News Good News Holy cow: Knickers, Australia’s beefiest steer, becomes a global celebrity

Holy cow: Knickers, Australia’s beefiest steer, becomes a global celebrity

knickers biggest steer cow
Knickers' impressive stature may save it from the abattoir. Source: Twitter
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In the relentless contest of “world’s biggest animals”, a 194cm-tall Aussie bovine has dramatically raised the steaks.

Residing on a property at Myalup, Western Australia, the seven-year-old Holstein Friesian steer is more than twice the size of the other cows in his herd.

He was first discovered by news outlets in October, but the beast’s udderly ridiculous stature only began to go viral earlier this week when the story caught international attention.

Since then, dozens of sources have been looking for inventive ways to fit the discovery into their regular coverage – some attempts more successful than udders.

Every major news outlet around the globe seems to have become enamoured with the steer and have been mooved to report on it, from the Daily Mirror to New York Magazine.

No bull, owner Geoff Pearson told Perth Now that Knickers’ impressive stature should save him from becoming mince meat – as he is simply too big for the local abattoir.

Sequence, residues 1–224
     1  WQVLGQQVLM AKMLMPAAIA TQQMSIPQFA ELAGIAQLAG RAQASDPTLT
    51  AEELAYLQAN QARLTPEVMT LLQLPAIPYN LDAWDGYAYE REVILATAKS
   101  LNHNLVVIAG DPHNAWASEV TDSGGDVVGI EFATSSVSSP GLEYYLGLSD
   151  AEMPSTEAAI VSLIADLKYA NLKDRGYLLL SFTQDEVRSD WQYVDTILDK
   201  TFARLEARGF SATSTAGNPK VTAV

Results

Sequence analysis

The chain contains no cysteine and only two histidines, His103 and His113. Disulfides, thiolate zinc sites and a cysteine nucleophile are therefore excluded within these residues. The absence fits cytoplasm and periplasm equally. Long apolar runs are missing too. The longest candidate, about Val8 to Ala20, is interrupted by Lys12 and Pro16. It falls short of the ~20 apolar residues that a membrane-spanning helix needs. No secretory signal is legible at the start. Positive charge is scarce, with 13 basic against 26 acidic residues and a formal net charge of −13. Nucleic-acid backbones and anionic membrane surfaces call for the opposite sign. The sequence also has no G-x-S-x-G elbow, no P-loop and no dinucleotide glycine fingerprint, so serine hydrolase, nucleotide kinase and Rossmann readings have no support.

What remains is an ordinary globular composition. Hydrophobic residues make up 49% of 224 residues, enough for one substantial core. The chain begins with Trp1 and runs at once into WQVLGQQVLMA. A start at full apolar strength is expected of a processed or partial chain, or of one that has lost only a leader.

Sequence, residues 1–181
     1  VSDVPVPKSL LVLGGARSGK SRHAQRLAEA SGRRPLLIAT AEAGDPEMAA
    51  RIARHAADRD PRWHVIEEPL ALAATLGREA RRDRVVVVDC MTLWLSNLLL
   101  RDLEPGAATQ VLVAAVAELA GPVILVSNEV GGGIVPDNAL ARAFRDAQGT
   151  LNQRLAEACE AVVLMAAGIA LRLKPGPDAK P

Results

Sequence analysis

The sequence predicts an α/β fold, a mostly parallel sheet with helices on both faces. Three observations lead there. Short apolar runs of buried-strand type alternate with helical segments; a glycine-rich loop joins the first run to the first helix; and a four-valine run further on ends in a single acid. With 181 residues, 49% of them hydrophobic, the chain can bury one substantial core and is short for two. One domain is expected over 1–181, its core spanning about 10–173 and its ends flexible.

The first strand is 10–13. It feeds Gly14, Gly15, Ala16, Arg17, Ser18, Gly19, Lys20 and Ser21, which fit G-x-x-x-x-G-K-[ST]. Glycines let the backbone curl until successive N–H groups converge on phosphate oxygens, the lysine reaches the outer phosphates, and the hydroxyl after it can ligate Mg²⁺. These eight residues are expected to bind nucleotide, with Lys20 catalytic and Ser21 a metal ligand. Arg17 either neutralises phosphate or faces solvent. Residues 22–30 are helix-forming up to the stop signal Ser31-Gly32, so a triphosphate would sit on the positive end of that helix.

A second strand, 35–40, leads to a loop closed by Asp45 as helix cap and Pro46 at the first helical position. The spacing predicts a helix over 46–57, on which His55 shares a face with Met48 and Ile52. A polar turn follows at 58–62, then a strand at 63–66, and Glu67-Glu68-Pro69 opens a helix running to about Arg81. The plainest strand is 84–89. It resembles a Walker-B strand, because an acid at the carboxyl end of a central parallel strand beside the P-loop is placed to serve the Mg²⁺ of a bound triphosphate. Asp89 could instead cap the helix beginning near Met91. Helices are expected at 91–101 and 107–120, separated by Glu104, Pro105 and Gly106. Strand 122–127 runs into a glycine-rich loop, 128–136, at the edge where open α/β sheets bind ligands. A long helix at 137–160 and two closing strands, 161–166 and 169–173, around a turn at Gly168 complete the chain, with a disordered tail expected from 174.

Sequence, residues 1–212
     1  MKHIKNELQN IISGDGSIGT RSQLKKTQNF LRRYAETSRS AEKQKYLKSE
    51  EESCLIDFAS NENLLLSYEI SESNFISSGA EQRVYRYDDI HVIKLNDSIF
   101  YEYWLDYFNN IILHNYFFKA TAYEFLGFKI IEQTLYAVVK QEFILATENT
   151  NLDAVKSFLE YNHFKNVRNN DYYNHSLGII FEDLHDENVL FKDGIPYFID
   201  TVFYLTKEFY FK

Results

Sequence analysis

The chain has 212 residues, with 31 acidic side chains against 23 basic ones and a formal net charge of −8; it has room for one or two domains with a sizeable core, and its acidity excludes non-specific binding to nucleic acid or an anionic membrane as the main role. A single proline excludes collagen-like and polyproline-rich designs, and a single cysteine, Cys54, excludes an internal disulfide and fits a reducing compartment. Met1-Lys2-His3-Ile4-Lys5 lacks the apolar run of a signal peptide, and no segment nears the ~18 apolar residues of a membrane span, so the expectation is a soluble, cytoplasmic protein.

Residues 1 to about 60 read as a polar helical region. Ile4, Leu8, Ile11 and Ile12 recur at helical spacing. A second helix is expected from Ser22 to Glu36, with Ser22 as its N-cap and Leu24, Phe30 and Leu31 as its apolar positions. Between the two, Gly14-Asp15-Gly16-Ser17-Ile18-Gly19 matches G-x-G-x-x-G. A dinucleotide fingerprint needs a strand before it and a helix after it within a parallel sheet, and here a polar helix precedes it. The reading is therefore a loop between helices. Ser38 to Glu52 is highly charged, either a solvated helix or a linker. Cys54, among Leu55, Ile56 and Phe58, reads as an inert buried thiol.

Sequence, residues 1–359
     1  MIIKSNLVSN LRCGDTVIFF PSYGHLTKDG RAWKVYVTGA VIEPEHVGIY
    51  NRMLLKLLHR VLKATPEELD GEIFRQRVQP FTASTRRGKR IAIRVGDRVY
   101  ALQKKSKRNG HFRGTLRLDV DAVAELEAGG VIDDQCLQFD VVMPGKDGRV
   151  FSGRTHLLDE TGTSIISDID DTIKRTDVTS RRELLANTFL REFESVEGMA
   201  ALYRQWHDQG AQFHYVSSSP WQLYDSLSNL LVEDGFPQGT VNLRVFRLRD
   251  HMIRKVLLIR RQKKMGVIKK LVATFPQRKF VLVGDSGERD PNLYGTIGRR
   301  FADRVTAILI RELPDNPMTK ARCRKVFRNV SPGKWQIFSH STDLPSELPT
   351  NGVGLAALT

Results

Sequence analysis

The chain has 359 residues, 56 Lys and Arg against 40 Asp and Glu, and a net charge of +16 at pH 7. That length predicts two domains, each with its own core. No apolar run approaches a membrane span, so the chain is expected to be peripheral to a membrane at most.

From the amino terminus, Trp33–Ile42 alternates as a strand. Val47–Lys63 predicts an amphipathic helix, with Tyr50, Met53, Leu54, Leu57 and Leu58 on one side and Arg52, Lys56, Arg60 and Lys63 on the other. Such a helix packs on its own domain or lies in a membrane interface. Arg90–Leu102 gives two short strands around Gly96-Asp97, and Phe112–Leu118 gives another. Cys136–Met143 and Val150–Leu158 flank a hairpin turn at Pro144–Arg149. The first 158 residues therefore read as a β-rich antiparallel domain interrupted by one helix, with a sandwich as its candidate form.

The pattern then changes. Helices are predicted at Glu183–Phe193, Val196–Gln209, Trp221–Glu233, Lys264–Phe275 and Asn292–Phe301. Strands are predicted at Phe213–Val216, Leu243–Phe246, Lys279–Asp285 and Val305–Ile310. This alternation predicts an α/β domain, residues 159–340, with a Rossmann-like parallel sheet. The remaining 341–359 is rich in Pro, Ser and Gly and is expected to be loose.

“It was too heavy. I wouldn’t be able to put it through a processing facility,” he told Perth Now.

“So I think it will just live happily ever after.”

Naturally, cow fans on social media began milking Knickers for all he was worth.

So why is this enormous bovine named Knickers?

“When he was young, when we first got him, we had a Brahman steer which was a friend of his,” Mr Pearson explained to BBC.

“So his name was bra … so we [had] bra and knickers.”

But the real question on everyone’s muzzle is: Is this the world’s tallest steer?

Unfortunately, no.

According to Guinness World Records, the biggest steer alive is actually Bellino, a 202cm Chianina ox residing in Italy.

Prior to the discovery of Knickers, the honour of Australia’s tallest steer went to the aptly named Big Moo, who measures 186cm and was once the main attraction of a ‘cow pat lottery’.

Or that’s what we’ve herd, anyway.

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